The Arizona Department of Education is considering implementing new science standards for its high school curriculum, including altering several references to evolution.
State Superintendent of Public Instruction Diane Douglas says the changes would reflect that parts of evolution are only theory and not scientific fact.
While Douglas personally believes in creationism, she told KTVK-TV that her beliefs about intelligent design are not included anywhere in the new standards, which have yet to be approved.
"What we know is true and what we believe might be true but is not proven and that's the reality," Douglas said. "Evolution has been an ongoing debate for almost 100 years now. There is science to back up parts of it, but not all of it."
That hasn't stopped critics from expressing outrage over the proposed changes.
Lacey Wieser, a former high school biology teacher, resigned after finding out about the new standards.
"I turned in my resignation and said, 'I will not be part of this,'" she told KTVK-TV. "It sends the message that a theory is a guess as opposed to understanding that a theory is the highest level of explanation based on evidence that there is in science."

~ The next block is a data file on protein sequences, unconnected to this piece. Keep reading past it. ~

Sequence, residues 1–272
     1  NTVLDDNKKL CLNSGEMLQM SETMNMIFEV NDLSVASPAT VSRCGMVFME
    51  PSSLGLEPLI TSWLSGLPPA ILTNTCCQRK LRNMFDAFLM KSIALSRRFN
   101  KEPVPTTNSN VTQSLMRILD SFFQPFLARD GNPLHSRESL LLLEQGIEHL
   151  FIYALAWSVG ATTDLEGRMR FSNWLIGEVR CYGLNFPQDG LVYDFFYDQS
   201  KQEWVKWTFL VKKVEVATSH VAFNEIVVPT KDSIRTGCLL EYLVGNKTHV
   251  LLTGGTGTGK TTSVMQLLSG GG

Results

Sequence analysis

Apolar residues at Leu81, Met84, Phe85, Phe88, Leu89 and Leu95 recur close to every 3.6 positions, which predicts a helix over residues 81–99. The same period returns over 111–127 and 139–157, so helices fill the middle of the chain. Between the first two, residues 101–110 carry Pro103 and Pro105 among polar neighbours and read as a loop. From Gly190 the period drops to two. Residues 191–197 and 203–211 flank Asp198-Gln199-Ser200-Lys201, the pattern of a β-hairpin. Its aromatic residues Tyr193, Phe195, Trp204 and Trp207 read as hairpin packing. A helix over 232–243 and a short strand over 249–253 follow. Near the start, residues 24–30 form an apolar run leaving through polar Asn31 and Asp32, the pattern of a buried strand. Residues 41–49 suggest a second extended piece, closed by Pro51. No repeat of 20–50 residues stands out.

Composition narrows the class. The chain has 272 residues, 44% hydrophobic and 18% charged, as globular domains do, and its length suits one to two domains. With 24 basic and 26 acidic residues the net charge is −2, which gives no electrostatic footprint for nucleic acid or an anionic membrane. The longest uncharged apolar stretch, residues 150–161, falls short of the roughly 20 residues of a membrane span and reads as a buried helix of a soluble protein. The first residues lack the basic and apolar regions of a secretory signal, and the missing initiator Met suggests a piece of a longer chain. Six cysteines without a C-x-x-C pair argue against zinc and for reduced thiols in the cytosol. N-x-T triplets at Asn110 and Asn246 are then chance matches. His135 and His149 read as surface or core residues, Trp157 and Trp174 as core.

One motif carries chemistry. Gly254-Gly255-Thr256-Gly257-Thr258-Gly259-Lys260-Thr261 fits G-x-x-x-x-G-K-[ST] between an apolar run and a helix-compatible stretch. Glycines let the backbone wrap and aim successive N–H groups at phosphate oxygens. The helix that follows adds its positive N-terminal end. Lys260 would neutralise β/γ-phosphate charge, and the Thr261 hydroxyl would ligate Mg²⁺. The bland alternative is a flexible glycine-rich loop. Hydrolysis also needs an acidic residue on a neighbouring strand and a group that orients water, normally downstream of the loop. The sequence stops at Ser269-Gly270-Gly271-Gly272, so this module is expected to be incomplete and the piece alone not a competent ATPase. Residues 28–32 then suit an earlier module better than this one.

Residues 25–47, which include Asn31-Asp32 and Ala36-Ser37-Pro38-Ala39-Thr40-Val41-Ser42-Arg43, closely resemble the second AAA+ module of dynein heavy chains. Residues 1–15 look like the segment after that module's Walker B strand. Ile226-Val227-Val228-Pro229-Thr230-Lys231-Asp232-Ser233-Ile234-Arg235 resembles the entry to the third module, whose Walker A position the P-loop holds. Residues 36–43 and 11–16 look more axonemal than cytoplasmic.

The debate over the new standards has captured the attention Dr. F. LaGard Smith, who believes evolution should be challenged, and does so in his new book "Darwin's Secret Sex Problem: Exposing Evolution's Fatal Flaw – The Origin of Sex."
He argues that evolution's biggest flaw is that its primary mechanism, natural selection, could not have produced a compatible male and female pair of micro-organisms for each species to procreate. To do so would require perfect timing and a lot of luck, he says.
"Given the unique nature of gendered, sexual meiosis compared with non-gendered, asexual mitosis," Smith explains, "the first-ever generation of sexual reproduction would have required 1) a never-before-seen male organism and a novel female organism, 2) magically having compatible chromosomes, and 3) a death-defying process of precisely halving their chromosomes, mixing them together in a revolutionary way, and then recombining to produce, not a clone (as in asexual replication), but a unique offspring unlike any on the planet. Not to mention the minor details of geographic proximity and an evolved instinct to mate – all absolutely required in Round One of sex to start the sexual ball rolling."